Mentions: To examine the effect of the hydrolysate on adhesion molecule expression in EC stimulated by TNF-α, EC were pre-treated with the hydrolysate or with the control sample for 18 h before adding TNF-α (0.5 ng/ml) for 6 h. As shown in Figure 2A, TNF-α enhanced VCAM-1, ICAM-1 and E-sel mRNA while the pre-treatment with the hydrolysate significantly reduced the expression of VCAM-1 (by 23% ±3%, 51% ±7% and 75% ±2%), ICAM-1 (by 0% ±4%, 18% ±3% and 43% ±5%) and E-sel (by 30% ±2%, 62% ±1% and 87% ±4%) in a dose dependent manner (with 30, 150 and 300 μg/ml of hydrolysate, respectively). The control sample had no effect on the gene expression of the adhesion molecules (dose–response experiments using the control sample are reported in Additional file 2: Figure S2). To confirm the gene expression results, we analysed the cell surface expression of adhesion molecules in EC pre-treated with the hydrolysate or with the control sample for 18 h and subsequently with TNF-α (0.5 ng/ml) for 6 h. As shown in Figure 2B, flow cytometric analysis showed a significant dose dependent (30, 150, nand 300 μg/ml) decrease of EC surface protein levels of VCAM-1 (by 15% ±8%, 37% ±11% and 82% ±8%), ICAM-1 (by 5% ±4%, 9% ±3% and 61% ±13%) and E-sel (by 22% ±7%, 31% ±8% and 77% ±6%). The control sample had no significant effect on the protein expression of the adhesion molecules. Taken together, these results suggest that the ability of the sample to modulate the gene and the cell surface expression of adhesion molecules is due to the bioactive peptides contained in the hydrolysate generated by the bacterial hydrolysis of sodium caseinate (Figure 2A).Figure 2

Bottom Line: Milk-derived bioactive peptides retain many biological properties and have therapeutic effects in cardiovascular disorders such as atherosclerosis.The effect was similar to that obtained in endothelial cells treated with troglitazone, a ligand of peroxisome proliferators-activator receptor-gamma (PPAR-γ).We further examined whether the effects of milk-derived hydrolysates on endothelial cells may be mediated through NF-κB activation via a PPAR-γ dependent mechanism.

View Article: PubMed Central - PubMed

Affiliation: FHI, Food for Health Ireland, University College Dublin, Dublin, Ireland ; School of Medicine and Medical Science, UCD Conway Institute, University College Dublin, Belfield, Dublin, 4 Ireland.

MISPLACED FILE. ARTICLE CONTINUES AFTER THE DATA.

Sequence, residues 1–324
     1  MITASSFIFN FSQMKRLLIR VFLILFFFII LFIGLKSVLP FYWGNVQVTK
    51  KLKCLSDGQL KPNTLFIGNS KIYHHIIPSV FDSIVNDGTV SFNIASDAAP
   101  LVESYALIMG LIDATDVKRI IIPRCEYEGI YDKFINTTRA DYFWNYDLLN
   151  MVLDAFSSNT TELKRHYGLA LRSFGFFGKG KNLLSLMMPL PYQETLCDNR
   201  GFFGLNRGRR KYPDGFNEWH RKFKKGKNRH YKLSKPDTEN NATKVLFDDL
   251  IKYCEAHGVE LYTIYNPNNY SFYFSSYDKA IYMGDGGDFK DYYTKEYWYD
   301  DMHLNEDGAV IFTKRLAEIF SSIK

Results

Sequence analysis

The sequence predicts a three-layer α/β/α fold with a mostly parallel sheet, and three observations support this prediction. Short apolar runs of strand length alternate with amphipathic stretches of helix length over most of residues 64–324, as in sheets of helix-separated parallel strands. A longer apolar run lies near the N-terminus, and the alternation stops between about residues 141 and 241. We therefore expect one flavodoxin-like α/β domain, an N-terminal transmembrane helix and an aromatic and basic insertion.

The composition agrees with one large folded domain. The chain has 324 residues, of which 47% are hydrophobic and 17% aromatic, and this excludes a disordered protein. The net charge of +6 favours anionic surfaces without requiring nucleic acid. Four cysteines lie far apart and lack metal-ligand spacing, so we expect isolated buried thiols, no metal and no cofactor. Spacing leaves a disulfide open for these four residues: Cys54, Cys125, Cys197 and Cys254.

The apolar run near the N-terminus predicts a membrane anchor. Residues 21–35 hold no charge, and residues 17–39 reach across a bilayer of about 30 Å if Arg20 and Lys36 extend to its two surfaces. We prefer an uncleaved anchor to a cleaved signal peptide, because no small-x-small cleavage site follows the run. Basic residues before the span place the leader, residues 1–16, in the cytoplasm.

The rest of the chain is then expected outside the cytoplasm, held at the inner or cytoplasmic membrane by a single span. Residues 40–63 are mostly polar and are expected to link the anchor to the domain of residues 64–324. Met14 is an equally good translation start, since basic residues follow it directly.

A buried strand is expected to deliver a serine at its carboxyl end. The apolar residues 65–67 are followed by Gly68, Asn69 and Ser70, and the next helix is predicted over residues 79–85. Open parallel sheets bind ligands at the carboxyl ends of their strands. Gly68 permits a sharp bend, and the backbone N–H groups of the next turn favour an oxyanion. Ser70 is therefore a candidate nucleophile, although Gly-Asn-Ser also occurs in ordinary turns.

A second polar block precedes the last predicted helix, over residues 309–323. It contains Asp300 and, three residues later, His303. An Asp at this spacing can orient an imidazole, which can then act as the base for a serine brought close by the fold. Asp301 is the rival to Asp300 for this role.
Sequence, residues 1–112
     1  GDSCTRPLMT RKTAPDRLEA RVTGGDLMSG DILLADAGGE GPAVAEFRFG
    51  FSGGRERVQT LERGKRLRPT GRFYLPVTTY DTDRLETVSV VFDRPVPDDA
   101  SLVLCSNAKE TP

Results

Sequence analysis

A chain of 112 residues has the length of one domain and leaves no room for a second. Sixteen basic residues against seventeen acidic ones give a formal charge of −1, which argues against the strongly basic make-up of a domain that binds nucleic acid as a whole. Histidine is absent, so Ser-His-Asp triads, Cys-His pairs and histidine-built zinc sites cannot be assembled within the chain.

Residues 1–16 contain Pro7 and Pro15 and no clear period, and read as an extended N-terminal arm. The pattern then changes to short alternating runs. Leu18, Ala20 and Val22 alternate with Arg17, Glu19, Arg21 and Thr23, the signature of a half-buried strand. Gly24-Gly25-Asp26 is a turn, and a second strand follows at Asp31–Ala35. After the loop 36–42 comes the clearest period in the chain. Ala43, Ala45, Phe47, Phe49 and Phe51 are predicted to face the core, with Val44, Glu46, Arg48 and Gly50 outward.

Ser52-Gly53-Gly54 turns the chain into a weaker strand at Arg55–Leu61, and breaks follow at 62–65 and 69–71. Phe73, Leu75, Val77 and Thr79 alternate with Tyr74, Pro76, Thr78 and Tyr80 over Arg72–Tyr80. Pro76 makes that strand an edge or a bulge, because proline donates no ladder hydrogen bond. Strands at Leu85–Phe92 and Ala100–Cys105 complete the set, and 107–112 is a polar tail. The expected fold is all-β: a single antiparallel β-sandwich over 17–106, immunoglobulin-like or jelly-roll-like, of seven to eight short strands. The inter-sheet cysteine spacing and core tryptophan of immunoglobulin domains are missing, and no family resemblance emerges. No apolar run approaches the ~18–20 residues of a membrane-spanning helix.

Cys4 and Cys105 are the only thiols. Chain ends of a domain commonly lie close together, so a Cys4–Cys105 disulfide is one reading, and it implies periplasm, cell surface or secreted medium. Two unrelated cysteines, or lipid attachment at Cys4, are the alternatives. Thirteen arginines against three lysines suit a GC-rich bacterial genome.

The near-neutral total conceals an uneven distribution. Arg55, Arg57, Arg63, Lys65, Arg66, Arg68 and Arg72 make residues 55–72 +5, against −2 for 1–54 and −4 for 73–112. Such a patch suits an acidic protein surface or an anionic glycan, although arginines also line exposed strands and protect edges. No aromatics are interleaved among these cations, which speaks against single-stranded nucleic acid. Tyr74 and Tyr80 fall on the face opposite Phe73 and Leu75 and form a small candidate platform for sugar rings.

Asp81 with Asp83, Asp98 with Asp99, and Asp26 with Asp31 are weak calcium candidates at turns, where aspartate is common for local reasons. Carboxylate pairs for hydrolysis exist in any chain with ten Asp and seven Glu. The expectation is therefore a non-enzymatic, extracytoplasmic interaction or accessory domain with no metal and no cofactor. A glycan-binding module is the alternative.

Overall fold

ABSTRACT

Background: Milk-derived bioactive peptides retain many biological properties and have therapeutic effects in cardiovascular disorders such as atherosclerosis. Under inflammatory conditions the expression of endothelial cells adhesion molecules is induced, increasing monocyte adhesion to human vessel wall, a critical step in the pathogenesis of atherosclerosis. In the present work we explored the effects of milk-derived bioactive peptides on the expression of the inflammatory phenotype of human endothelial cells and their effects on monocyte adherence to endothelial cells.

Results: Treatment of endothelial cells with milk-derived hydrolysate inhibited their production of inflammatory proteins MCP-1 and IL-8 and expression of VCAM-1, ICAM-1 and E-selectin. Milk derived hydrolysate also attenuated the adhesion of human monocytes to activated endothelial cells. The effect was similar to that obtained in endothelial cells treated with troglitazone, a ligand of peroxisome proliferators-activator receptor-gamma (PPAR-γ). PPAR-γ is a transcription factor which when activated antagonises the pro-inflammatory capability of nuclear factor κB (NF-κB). We further examined whether the effects of milk-derived hydrolysates on endothelial cells may be mediated through NF-κB activation via a PPAR-γ dependent mechanism. The specific PPAR-γ inhibitor, GW9662 blocked the effects of the hydrolysate on the NF-κB-mediated chemokines and adhesion molecules expression in endothelial cells.

Conclusions: These results suggest that milk-derived bioactive peptides work as anti-atherogenic agents through the inhibition of endothelial-dependent adhesive interactions with monocytes by inhibiting the NF-κB pathway through a PPAR-γ dependent mechanism.

No MeSH data available.


Related in: MedlinePlus